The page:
Staff at the Furuvik Zoo in Sweden first became suspicious in 1997 when they spotted multiple stone piles at the park's "chimpanzee island" where Santino lives, explained Osvath, a Lund University researcher in the field of cognitive science.
Now having read through this far, I can already predict this is not going to end well. You know, like in Michael Crichton's Congo, with the flat discs of rock...
A caretaker performed surveillance by hiding herself behind a blind to investigate what was going on.
Don't DO IT! FOR GOD'S SAKE STAY OUT OF THERE!
"Stone throwing toward a crowd of people has an instant and dramatic effect," Osvath wrote, "and was a way to evoke reactions across the water moat that enclosed the chimpanzee."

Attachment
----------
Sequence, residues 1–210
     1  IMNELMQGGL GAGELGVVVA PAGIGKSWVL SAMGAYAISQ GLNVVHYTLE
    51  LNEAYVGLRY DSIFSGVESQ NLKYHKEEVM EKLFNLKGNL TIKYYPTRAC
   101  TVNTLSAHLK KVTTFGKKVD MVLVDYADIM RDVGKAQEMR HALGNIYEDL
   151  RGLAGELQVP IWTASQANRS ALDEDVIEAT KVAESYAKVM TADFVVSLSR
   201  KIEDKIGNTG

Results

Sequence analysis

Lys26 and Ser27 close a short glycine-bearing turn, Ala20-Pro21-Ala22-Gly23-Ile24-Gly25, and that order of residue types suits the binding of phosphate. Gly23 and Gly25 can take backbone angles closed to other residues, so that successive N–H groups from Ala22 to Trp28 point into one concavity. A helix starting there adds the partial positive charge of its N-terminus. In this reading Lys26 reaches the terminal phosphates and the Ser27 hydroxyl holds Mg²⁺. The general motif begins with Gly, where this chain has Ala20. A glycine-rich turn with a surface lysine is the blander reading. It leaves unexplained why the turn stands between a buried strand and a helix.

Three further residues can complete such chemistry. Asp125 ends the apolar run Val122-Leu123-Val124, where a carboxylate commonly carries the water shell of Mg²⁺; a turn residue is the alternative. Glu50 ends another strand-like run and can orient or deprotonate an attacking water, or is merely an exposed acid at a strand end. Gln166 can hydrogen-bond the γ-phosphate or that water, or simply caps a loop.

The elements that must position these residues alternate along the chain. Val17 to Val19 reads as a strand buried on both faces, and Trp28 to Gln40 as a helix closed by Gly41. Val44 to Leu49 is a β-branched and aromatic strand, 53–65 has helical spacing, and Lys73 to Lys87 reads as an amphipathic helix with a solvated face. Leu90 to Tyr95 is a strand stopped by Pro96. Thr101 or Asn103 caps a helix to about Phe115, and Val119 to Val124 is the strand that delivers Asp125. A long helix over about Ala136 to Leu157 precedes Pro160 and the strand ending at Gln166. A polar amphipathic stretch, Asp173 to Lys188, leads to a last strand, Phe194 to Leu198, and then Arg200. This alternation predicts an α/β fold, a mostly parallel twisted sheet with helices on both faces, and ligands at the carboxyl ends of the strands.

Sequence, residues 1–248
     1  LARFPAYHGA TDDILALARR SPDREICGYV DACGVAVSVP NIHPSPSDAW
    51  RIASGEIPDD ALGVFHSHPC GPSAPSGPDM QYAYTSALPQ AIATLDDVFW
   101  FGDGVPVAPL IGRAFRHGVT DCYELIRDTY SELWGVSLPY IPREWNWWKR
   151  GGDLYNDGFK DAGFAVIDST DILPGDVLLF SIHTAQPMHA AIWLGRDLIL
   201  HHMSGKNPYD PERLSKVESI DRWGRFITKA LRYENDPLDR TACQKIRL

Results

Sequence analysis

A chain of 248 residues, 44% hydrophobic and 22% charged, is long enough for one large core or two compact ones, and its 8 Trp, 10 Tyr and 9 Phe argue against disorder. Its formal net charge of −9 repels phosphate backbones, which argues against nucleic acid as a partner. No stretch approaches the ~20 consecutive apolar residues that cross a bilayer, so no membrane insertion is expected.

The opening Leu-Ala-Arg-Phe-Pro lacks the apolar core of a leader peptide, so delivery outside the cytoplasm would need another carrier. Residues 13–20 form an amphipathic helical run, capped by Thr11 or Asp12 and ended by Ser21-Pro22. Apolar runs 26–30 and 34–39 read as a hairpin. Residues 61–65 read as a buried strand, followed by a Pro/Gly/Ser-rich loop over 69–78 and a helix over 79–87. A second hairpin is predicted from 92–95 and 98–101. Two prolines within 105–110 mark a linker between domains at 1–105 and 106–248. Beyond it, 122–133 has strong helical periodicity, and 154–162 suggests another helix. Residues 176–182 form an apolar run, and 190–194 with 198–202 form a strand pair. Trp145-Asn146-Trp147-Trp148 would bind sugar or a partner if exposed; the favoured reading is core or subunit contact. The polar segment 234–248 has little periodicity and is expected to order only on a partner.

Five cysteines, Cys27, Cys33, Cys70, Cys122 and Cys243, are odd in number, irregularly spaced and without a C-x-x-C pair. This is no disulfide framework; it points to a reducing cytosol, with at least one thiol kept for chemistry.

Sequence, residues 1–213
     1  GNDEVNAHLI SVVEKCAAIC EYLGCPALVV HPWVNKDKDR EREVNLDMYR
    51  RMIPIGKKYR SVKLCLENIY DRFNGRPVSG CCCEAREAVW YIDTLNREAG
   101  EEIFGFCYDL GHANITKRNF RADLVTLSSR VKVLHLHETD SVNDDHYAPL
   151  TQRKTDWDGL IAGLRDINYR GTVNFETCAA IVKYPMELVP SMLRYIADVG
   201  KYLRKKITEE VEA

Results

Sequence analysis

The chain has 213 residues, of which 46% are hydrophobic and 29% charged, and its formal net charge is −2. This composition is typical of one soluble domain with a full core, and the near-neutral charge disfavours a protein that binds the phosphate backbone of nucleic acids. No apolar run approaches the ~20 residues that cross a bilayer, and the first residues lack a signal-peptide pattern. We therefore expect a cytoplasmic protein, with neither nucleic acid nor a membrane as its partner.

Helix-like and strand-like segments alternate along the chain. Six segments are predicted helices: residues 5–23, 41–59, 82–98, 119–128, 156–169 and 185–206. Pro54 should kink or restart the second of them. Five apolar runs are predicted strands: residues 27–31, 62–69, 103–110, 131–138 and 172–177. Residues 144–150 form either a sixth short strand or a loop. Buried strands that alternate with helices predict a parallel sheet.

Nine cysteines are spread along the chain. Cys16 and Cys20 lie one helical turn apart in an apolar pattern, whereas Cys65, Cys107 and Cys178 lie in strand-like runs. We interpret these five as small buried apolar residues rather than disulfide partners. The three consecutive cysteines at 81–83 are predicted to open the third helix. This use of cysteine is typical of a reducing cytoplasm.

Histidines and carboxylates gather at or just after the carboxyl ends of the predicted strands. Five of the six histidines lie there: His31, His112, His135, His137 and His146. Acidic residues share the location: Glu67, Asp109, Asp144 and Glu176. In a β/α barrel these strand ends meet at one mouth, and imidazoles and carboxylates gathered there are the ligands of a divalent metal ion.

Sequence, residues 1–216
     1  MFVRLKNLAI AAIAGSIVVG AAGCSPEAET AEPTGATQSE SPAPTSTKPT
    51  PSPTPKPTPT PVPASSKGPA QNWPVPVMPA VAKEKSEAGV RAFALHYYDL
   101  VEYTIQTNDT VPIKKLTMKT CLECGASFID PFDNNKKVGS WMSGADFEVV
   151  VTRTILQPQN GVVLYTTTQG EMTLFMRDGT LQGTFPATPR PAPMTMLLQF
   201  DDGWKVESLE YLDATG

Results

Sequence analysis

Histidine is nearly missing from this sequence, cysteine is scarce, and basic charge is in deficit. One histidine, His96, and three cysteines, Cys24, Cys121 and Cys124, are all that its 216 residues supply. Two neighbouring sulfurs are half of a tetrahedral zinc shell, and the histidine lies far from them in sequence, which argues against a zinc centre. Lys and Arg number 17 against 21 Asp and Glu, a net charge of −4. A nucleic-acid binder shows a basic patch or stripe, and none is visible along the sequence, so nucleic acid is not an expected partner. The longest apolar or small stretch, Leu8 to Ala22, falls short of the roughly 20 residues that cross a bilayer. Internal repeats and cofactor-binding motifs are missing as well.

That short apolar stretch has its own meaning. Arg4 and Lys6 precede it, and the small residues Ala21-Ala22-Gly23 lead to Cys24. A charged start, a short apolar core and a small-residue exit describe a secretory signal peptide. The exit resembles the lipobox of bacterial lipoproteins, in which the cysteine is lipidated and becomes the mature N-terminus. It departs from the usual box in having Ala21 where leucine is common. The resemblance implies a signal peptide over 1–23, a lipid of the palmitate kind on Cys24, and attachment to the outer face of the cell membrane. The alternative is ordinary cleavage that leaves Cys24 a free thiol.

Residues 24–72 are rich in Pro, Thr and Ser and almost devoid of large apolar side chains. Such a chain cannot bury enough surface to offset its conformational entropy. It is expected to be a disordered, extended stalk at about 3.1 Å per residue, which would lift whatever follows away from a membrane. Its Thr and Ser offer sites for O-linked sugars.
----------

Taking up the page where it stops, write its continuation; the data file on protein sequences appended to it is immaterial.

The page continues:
And you think the chimp is smart enough to establish a missile cache, but not smart enough to cross the moat?
Santino is the lone male on the island, which he has shared with multiple females over the years. The females "seem to show little interest in the stone caches and concrete disc manufacturing."
So the chimp has all the females to himself, and he's still MANUFACTURING CONCRETE DISCS TO HURL AT HUMANS.
Chimps may not even be the only animals that feel compelled to attack humans with rocks from time to time.
Oh no, it's spreading.
Move along. Nothing to see here.